Saturday, 24th April 2021


This Blog is all about exercise and physical activity – what it is, what it does to you, how is it measured and most of all what benefits it brings you. This is not a Blog about particular types of exercise. You will not learn about different exercise regimes, what sport you should take up, whether you should do crunches or press ups, how to develop a six pack. There plenty of magazines, newspaper articles, social media posts and books which answer these questions. What I am offering is information about the science of exercise and how much it contributes to bringing wellbeing, good health and a long and active life.

What are physical activity and exercise?

The benefits of regular physical activity on health, longevity and well-being “easily surpass the effectiveness of any drugs or other medical treatment”. Chief Medical Officer 2009.  

Physical activity (PA) refers to all movement including during leisure time, for transport to get to and from places, or as part of a person’s work. Exercise is one form of PA but I tend to use the two interchangeably – though “exercise” seems to me to be at the higher end of intensity in the spectrum of “PA”. The purists would think otherwise, but the end results of either are the same – wellbeing, good health and a long and active life.

There is huge army of definitions of PA and exercise. Among a number from the Oxford English Dictionary, these seem to me to be the least worst:

  • “Bodily movement produced by the contraction of skeletal muscle that substantially increases energy expenditure”
  • “Activity requiring physical effort, carried out to sustain or improve health and fitness”.

I am not entirely happy with either – I doubt that the intention to sustain or improve health is a necessary element – it’s just a side effect. The World Health Organisation defines physical activity as:

“Any bodily movement produced by skeletal muscles that requires energy expenditure.

That is fine for PA but I think that this understates the level of exertion required to qualify as exercise.

So, failing a convincing definition, maybe a list of synonyms gives a better flavour of the true meaning of exercise:

physical activity, movement, exertion, effort, work, workout, training, drilling, gymnastics, sports, games, PE (physical education), PT (physical training), aerobics, step aerobics, jogging, running, coircuit training, aquarobics, calisthenics, isometrics, eurhythmics, keep-fit, dancersise, body building, physical jerks, daily dozen etc.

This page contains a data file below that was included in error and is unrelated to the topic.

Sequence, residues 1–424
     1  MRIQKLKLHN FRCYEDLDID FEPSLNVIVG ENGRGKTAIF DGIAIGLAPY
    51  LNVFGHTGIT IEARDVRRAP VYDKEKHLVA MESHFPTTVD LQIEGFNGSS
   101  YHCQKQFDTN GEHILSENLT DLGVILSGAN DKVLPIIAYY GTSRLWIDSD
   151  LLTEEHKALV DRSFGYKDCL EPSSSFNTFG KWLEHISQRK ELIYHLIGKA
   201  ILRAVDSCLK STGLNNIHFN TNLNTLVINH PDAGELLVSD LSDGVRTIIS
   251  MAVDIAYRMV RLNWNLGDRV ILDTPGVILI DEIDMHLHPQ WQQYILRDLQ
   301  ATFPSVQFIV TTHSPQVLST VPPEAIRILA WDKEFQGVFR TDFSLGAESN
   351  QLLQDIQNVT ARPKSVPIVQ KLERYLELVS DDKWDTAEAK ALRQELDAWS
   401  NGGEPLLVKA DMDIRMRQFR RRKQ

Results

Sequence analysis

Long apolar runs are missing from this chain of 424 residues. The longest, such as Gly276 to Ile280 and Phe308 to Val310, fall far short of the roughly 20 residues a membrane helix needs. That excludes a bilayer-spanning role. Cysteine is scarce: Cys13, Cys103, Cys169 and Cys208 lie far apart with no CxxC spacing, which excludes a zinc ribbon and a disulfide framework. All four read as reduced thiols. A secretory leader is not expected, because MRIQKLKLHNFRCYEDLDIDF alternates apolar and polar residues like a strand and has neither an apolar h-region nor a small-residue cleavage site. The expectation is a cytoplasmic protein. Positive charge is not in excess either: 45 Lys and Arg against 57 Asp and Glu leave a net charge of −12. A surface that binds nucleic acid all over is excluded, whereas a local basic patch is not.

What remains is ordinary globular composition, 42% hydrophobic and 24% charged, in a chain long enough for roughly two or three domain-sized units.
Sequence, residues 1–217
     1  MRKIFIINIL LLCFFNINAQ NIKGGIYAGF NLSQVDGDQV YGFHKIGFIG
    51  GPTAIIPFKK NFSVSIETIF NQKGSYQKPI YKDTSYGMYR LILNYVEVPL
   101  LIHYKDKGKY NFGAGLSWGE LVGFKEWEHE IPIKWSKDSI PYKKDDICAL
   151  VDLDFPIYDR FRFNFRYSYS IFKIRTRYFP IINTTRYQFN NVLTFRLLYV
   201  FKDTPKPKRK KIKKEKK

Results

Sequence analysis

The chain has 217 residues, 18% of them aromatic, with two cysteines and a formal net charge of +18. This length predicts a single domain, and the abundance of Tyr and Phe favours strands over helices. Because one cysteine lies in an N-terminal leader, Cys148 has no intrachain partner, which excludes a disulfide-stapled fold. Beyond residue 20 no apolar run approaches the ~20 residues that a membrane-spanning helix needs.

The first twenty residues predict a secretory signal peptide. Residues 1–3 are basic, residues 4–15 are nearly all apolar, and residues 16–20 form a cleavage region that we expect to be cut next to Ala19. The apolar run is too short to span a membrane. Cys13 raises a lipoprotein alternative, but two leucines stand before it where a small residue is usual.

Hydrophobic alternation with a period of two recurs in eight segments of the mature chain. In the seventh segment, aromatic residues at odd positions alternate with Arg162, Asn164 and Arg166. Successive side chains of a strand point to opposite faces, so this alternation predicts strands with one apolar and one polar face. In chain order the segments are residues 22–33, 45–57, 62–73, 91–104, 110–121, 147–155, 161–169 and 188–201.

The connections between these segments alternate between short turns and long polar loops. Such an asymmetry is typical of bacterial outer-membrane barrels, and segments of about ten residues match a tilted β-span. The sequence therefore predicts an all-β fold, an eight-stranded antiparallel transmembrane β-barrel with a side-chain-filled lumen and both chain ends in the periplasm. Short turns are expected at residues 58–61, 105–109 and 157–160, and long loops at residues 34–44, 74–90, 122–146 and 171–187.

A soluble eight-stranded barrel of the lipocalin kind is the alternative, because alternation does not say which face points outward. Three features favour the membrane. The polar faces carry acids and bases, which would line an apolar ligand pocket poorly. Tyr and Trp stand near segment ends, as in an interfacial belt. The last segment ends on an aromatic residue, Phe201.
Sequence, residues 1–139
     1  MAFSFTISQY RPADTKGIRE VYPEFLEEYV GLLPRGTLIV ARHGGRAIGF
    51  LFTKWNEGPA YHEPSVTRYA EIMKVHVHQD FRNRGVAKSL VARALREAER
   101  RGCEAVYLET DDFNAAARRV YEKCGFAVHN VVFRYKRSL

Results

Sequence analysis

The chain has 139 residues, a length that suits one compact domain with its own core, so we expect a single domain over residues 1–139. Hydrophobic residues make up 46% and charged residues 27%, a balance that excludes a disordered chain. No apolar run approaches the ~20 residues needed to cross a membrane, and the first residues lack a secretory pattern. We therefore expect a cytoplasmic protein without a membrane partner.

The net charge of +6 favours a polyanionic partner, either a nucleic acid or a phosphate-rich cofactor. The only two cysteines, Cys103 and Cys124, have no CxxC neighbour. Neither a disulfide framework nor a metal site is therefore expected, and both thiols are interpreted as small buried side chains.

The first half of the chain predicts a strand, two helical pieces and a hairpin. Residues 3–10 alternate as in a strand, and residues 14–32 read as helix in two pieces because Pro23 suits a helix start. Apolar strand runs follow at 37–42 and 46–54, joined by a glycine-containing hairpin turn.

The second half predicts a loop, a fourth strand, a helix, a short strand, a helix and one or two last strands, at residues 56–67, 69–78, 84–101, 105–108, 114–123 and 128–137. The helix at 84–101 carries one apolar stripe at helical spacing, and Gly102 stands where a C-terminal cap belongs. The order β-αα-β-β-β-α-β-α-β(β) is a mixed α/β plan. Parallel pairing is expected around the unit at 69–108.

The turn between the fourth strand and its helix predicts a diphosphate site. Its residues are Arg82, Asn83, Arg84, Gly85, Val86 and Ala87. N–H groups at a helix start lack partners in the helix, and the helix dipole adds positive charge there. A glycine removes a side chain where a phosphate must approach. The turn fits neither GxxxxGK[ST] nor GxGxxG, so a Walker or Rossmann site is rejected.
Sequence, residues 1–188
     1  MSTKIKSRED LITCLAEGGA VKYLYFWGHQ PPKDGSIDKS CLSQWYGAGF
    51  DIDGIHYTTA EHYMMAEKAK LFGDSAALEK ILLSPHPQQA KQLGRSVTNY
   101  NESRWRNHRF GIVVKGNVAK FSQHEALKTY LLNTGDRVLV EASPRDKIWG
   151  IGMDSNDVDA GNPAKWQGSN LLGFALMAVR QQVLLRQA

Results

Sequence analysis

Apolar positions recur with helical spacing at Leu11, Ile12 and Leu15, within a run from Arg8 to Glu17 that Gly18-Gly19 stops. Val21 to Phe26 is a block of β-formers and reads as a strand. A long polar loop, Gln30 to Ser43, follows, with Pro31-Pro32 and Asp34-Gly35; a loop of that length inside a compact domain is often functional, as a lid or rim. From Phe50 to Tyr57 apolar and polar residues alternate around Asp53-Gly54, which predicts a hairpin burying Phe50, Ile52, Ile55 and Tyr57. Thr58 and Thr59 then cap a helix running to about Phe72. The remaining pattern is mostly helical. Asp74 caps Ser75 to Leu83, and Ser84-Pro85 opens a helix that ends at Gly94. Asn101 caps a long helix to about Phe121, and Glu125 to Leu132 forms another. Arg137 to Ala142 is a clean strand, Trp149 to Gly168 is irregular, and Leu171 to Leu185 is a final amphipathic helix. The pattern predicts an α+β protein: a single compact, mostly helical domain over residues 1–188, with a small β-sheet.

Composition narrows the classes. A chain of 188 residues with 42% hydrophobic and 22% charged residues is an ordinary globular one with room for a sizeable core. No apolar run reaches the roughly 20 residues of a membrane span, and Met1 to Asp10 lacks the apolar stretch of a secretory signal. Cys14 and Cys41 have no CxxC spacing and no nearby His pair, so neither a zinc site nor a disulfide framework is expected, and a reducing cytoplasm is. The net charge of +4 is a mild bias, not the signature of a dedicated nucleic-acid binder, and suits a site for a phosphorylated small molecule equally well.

And it is more that all of these – none of which, apart perhaps for “games”, really covers the fun element which is such an important a part of exercise.
How about this? “Exercise is purposeful activity which uses the voluntary muscles”. Still not good enough – is reaching out for a donut really exercise? Perhaps we can define exercise later but I am sure that you, dear Reader, know what I mean.

And muscles?

And what are “voluntary” muscles anyway? Well your muscles are divided into three distinct varieties:

  1. Voluntary muscles are also called striated muscles because of their stripy appearance under the microscope. Their movements are under our control – like say the biceps. Think that you want to bend your arm, put it into action and hey presto you contract your biceps and your arm bends.
  2. Involuntary muscles are called smooth muscles. They perform the vital activities of the body and over which we have no control. They just get on with it. Like the muscles of the gut which labour away moving food down the gastrointestinal tract. Or the ocular muscles which control the pupil – they respond to light but not to any conscious thought process.
  3. Cardiac muscle. The heart is a very specialised form of involuntary muscle which we will meet in some detail later.

Animals need to move to survive and higher life forms, so-called vertebrates, have evolved muscles and bones for this purpose. Each animal’s musculo-skeletal system has developed to suit its own survival needs – the cheetah has a system designed for speed to enable it to catch its prey and likewise the antelope has a system designed for speed to escape being eaten by the cheetah. For other species strength may be more important than speed. Think of the tiger which can tear its prey limb from limb. For every animal there is an optimal mixture of speed and strength to enable it to survive and procreate efficiently.

Evolution has given humans a musculo-skeletal system of great versatility. We are not immensely strong nor immensely fast – but we do have the greatest intelligence in the animal kingdom and we use our brain power to make the most efficient use of this versatility. Man has evolved to be a highly efficient hunter-gatherer – to hunt animals and to gather edible plants for our sustenance. For most of human history that has been the main function of our muscles. Primitive man took a lot of exercise because that is what he had to do to survive.



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